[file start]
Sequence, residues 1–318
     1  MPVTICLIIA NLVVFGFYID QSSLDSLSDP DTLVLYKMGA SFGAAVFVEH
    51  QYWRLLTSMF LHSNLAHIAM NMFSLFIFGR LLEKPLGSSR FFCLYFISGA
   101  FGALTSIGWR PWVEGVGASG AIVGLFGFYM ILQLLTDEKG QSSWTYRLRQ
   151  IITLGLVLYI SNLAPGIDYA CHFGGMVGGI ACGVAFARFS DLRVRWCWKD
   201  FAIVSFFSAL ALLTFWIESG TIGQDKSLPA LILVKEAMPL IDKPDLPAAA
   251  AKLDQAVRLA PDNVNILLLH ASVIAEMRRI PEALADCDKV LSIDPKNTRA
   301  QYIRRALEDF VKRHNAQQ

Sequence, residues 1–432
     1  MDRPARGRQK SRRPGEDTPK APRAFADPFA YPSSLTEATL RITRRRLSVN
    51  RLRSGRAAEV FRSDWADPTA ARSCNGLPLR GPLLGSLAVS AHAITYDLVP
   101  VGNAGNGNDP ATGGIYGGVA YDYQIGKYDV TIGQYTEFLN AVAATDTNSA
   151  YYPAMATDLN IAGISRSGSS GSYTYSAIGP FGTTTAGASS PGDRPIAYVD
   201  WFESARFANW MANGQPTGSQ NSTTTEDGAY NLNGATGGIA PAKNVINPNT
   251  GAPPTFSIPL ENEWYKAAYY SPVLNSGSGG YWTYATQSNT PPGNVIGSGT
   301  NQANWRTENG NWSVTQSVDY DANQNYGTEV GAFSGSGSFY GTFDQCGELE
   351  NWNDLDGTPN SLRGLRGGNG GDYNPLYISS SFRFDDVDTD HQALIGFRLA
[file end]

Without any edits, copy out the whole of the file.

Sequence, residues 1–318
     1  MPVTICLIIA NLVVFGFYID QSSLDSLSDP DTLVLYKMGA SFGAAVFVEH
    51  QYWRLLTSMF LHSNLAHIAM NMFSLFIFGR LLEKPLGSSR FFCLYFISGA
   101  FGALTSIGWR PWVEGVGASG AIVGLFGFYM ILQLLTDEKG QSSWTYRLRQ
   151  IITLGLVLYI SNLAPGIDYA CHFGGMVGGI ACGVAFARFS DLRVRWCWKD
   201  FAIVSFFSAL ALLTFWIESG TIGQDKSLPA LILVKEAMPL IDKPDLPAAA
   251  AKLDQAVRLA PDNVNILLLH ASVIAEMRRI PEALADCDKV LSIDPKNTRA
   301  QYIRRALEDF VKRHNAQQ

Sequence, residues 1–432
     1  MDRPARGRQK SRRPGEDTPK APRAFADPFA YPSSLTEATL RITRRRLSVN
    51  RLRSGRAAEV FRSDWADPTA ARSCNGLPLR GPLLGSLAVS AHAITYDLVP
   101  VGNAGNGNDP ATGGIYGGVA YDYQIGKYDV TIGQYTEFLN AVAATDTNSA
   151  YYPAMATDLN IAGISRSGSS GSYTYSAIGP FGTTTAGASS PGDRPIAYVD
   201  WFESARFANW MANGQPTGSQ NSTTTEDGAY NLNGATGGIA PAKNVINPNT
   251  GAPPTFSIPL ENEWYKAAYY SPVLNSGSGG YWTYATQSNT PPGNVIGSGT
   301  NQANWRTENG NWSVTQSVDY DANQNYGTEV GAFSGSGSFY GTFDQCGELE
   351  NWNDLDGTPN SLRGLRGGNG GDYNPLYISS SFRFDDVDTD HQALIGFRLA